“So the doctor at [hospital Long COVID clinic] is kind of poo-pooing the treatments like oh, we only like to do like FDA approved stuff, but it’s like, FDA approved stuff? You know, I’m not doing anything extremely risky. I mean, there’s you know, probably 1 billion people on the planet who are using nicotine every day. Not that it’s good for them, but come on, for me to use a [nicotine] patch, you know, half of the lowest dose patch for 2 weeks? It’s pretty low risk, you know? If I can get some functionality out of that, great. Guanfacine, an ADHD medication. If I can get some improvement out of it. These are the types of things you know, I’m willing to try, and my doctors at [telehealth clinic] are willing to try… So I just feel like the medical community doesn’t understand. They’re playing it safe, but they’re not playing it safe for their patients. They’re playing it safe for their own potential risk.” (P22, 50s, West)

She also noted that the conventional university-affiliated clinics she had visited felt like “palliative care” and that one of her providers there had told her that “you won’t get well here… they’re not really looking at cutting edge treatments” and had provided names that ultimately led her to the telehealth clinic. While the fees associated with the telehealth clinic had posed a significant burden, she felt obligated to continue since the other clinics had largely been unwilling to try new approaches and were dismissive of off-label approaches such as nicotine patches.

Discussion

Overall, this study’s findings present a picture in which the potential for Long COVID clinics to fill a vital need has been hampered by challenges related to care coordination and quality of care. These findings are consistent with the limited prior work on experiences with Long COVID clinics, particularly regarding the difficulty of being seen at a clinic, frustrations with referrals, and a desire for concrete steps to improve symptoms [13, 23, 24]. The current findings show these key challenges remain 3 years after Long COVID clinics first emerged in 2020 [25]. Barriers created by the lack of a COVID test were particularly concerning given that access to tests was limited during the early phase of the pandemic and that U.S. insurers are no longer required to cover the cost of COVID tests as of May 2023 [36]. Further, not all participants were aware of Long COVID clinics, indicating a continued need for raising public and PCP awareness of Long COVID treatment options. Health department efforts to raise awareness of support and treatment options for those with Long COVID have been relatively limited [37]. Survey research is needed to explore how patients attending Long COVID clinics first learned about their existence and how to become enrolled as a patient.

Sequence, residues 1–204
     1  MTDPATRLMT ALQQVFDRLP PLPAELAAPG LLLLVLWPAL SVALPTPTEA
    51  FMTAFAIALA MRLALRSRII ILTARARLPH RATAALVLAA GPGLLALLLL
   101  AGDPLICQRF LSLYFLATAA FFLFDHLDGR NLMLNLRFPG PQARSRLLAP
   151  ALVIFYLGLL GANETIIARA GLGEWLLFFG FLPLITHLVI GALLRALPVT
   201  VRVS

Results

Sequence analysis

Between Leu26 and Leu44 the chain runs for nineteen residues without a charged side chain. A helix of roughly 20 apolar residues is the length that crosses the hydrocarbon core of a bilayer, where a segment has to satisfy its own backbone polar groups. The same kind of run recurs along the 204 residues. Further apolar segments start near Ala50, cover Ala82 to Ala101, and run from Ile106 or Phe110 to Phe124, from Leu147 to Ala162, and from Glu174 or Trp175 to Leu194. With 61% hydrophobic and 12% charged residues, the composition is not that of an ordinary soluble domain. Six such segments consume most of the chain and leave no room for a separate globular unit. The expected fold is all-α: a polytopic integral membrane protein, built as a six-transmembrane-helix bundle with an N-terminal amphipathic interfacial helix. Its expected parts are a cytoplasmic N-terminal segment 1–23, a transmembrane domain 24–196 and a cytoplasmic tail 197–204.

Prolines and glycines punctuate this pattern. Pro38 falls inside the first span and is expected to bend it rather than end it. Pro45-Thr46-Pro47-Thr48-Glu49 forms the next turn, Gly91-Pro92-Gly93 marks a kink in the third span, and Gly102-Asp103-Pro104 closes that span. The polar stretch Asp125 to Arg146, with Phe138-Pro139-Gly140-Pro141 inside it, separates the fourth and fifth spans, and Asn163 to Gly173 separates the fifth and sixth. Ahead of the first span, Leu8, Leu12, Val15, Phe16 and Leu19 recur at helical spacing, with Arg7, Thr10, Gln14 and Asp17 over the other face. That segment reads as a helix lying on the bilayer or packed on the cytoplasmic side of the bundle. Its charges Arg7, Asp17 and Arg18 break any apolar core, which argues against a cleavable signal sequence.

Validation and treatment as key functions

We also found that Long COVD clinic experiences were variable and that some women with Long COVID receive more comprehensive, coordinated, and informed care than others. While the current study’s approach does not allow us to generalize concretely based upon effects of insurance type, demographics, or region on these experiences, the variability here suggests that while Long COVID clinics can provide a satisfactory and positive experience even with few formally recognized treatment protocols available, not all clinics are performing optimally. Participants particularly valued clinic providers who heard their concerns, who were informed about the most recent developments with Long COVID diagnostics and treatments, and who were willing to try low risk off-label or alternative treatments while the wait for FDA-approved treatments continues. Many clinics appear to be open to learning about new clinical protocols and joining Long COVID clinic collaboratives [25], which may be a promising approach for ensuring that all clinics benefit from the lessons learned by those who have resources to stay abreast of potential new treatment protocols. Since Long COVID patients have been sharing and crowdsourcing information about their condition on social media [38], online communities may also be a source of valuable information for providers seeking to improve clinic experiences and for patients seeking clinics that align with their needs.

While Long COVID clinics can offer a valuable service even just in validating women’s Long COVID symptoms after they have been “gaslit” by other providers [12, 23], the quality of life and health challenges posed by Long COVID necessitates combining recognition with efforts to relieve symptoms [8, 9, 11]. Providers are faced with navigating the delicate balance between the good that may come from prescribing off-label medications (particularly those that already have been approved for treatment of other illnesses and/or populations) and the principle of “First, do no harm”, especially in the midst and aftermath of a pandemic that seemed to provide more questions than answers [39, 40]. Communication between providers and patients and clear guidance for providers are both of utmost importance. A failure to offer any meaningful guidance for symptom relief can encourage self-treatment, which can also pose health risks and drain financial resources [22, 35].